I’m not sure when I started noticing this turn of phrase. But I think it was during one of our Project Runway marathons. When designers lose a challenge and get kicked off the show, roughly half of them say something along these lines:
“Obviously I’m disappointed… but I think everything happens for a reason.”
And it’s driving me nuts. Not just when I’m watching Project Runway… but all the time. Whether it’s presented in conventional theistic terms — God has a plan for us all — or in more vague, woo terms — X happened because it was meant to happen, it happened to teach me a lesson, I guess the universe is trying to tell me something — it still drives me nuts. (I think it drives me especially nuts because I used to believe it myself, and I’m always more irritated with irrational beliefs that I used to hold myself.)
I mean, in the most literal sense of the words, of course everything happens for a reason — if by “for a reason” you mean “as a result of cause and effect.” Earthquakes happen because of shifting plates in the earth; I got pneumonia because I got bacteria in my lungs at a time when I was physically vulnerable; designers get kicked off Project Runway because the judges don’t like their designs. And since every effect has its own cause, you can trace that chain of cause and effect almost as far back as you like, until you run out of either knowledge or patience.
But that’s clearly not what people mean when they say that everything happens for a reason. They mean that everything happens for a purpose. They mean that everything that happens has intention behind it. They mean that earthquakes and illnesses and getting kicked off reality shows are part of a plan, either a conscious plan of God or an unconscious plan of some vague Fate or World-Soul or Universe… a plan to teach us lessons, or to point our lives in new and fruitful directions, or to give us things we need and don’t find it easy to accept.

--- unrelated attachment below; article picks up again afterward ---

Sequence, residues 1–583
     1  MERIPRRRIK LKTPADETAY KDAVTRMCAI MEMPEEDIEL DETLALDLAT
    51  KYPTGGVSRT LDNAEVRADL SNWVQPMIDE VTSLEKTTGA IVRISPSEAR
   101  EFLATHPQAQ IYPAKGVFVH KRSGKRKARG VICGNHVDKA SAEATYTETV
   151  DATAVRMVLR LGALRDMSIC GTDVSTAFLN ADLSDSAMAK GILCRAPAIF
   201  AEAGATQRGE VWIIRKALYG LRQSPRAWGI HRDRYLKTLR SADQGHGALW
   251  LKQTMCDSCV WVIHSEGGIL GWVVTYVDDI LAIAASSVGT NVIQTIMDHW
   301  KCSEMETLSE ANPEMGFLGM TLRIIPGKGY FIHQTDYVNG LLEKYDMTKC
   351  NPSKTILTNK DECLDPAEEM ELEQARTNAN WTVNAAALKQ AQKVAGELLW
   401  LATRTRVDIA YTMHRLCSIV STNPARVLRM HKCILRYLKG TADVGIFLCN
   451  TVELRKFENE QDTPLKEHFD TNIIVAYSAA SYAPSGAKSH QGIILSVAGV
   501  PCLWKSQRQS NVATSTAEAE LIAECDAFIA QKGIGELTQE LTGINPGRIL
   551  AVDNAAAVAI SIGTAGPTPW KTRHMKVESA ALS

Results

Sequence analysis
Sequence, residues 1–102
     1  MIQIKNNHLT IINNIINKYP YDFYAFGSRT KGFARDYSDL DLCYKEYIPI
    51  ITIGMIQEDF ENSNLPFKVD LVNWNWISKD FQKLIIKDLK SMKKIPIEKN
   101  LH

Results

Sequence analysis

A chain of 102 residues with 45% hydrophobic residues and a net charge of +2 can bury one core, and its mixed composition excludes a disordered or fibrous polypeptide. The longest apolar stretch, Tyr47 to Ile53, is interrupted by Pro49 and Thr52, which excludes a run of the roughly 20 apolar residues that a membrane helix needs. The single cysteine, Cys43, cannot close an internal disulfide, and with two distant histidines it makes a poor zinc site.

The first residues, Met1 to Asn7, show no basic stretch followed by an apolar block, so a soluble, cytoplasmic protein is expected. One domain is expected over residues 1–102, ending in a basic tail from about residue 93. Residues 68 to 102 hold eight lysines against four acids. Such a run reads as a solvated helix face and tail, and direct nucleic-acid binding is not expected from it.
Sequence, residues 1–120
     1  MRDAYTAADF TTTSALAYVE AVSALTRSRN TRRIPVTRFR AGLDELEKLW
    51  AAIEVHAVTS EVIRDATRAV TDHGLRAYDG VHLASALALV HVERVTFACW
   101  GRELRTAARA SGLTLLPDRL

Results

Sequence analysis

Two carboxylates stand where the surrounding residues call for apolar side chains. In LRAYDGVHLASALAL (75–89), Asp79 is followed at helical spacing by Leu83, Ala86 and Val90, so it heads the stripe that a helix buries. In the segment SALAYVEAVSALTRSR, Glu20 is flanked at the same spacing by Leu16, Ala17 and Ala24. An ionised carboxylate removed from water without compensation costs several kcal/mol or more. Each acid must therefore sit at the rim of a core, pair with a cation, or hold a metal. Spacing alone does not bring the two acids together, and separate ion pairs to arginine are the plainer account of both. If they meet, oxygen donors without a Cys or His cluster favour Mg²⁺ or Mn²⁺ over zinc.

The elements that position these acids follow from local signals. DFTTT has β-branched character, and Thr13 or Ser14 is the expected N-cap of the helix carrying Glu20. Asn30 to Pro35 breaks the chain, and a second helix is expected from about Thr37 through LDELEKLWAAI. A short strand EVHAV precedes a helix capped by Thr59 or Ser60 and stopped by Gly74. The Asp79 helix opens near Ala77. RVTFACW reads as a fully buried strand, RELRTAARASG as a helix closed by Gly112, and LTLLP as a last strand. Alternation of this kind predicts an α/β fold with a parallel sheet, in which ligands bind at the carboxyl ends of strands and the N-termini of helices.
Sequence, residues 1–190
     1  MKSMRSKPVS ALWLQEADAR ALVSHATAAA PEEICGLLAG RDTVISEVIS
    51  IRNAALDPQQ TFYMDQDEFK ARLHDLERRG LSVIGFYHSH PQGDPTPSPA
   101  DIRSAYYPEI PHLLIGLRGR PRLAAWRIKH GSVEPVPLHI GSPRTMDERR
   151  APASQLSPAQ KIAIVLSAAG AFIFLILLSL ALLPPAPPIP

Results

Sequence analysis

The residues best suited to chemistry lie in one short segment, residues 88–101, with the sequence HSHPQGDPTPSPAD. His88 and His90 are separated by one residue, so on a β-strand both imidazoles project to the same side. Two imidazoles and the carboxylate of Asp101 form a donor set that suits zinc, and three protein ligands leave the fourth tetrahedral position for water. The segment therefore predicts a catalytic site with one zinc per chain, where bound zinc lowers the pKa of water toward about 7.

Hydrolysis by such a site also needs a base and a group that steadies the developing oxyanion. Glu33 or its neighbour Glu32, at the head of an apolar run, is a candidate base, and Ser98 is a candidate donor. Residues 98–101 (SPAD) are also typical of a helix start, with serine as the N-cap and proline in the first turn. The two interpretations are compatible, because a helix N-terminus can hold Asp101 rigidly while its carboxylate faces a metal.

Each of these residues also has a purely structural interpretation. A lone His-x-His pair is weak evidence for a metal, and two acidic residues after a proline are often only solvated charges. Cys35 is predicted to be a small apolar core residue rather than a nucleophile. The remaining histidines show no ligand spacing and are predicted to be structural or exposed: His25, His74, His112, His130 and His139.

And it bugs me.
It bugs me for the obvious reason: I think it’s mistaken, and I think it’s a mistaken idea that does more harm than good — if for no other reason, simply because it is mistaken.
But it also bugs me because I think it hinders the learning process. It gets in the way of learning from your mistakes. It’s not like every bad thing that happens to you is a result of your mistakes, of course. But if you think that every bad thing that happens to you happens because it serves some larger purpose, how are you going to figure out which bad things are things you could have avoided, and could avoid in the future? How are you going to have a clear perspective on which parts of your life are things that you caused, which are things that other people caused, and which are just accidents that nobody could have any control over?
And it’s so unnecessary. I understand that “Everything happens for a reason” is often a way of saying, “This happened so I could learn from it.” But it’s completely possible to learn from our mistakes and failures and pain, without believing that someone or something made those mistakes and failures and pains happen, on purpose, in order to teach us a lesson. In fact, it’s not just possible — it’s easier. What with the clearer perspective on cause and effect, and all.
More on all that in a bit. I think there are a few basic processes driving this kind of thinking, and I want to take a quick look at them all so I can take them apart.
1. False perception of intention. The human mind has evolved — for very good evolutionary reasons — to see intention, even when no intention exists. Michael Shermer talks about this in How We Believe. Example: When shown triangles moving about on a screen, people tend to describe the action as the triangles “chasing” each other or otherwise acting with intention… when in fact the pattern was completely random.
2. Rationalization. Saying that “everything happens for a reason” can be a great way to evade responsibility when the “everything” that happened is, in fact, your fault. “Yes, I didn’t study and I flunked chemistry and now I can’t go to medical school… but everything happens for a reason. I guess I wasn’t meant to go to medical school. I guess I was meant to repair VWs and grow marijuana.”
3. Saving face. This is a lot like rationalization, except that it’s less about making a good excuse that you yourself can believe, and more about not wanting to look like a loser in front of others.
4. Wanting to find meaning. This one I have more sympathy with than any of the others (although I actually have at least some sympathy with all of them). Believing that everything happens for a reason is a way to make the lousy things that happen in your life feel like they have some meaning. If you can convince yourself that there’s some Greater Purpose to getting laid off and your car breaking down… well, some people find that more comforting than thinking that Sometimes Shit Happens, with no purpose or function. (I sure don’t, but that’s another post.)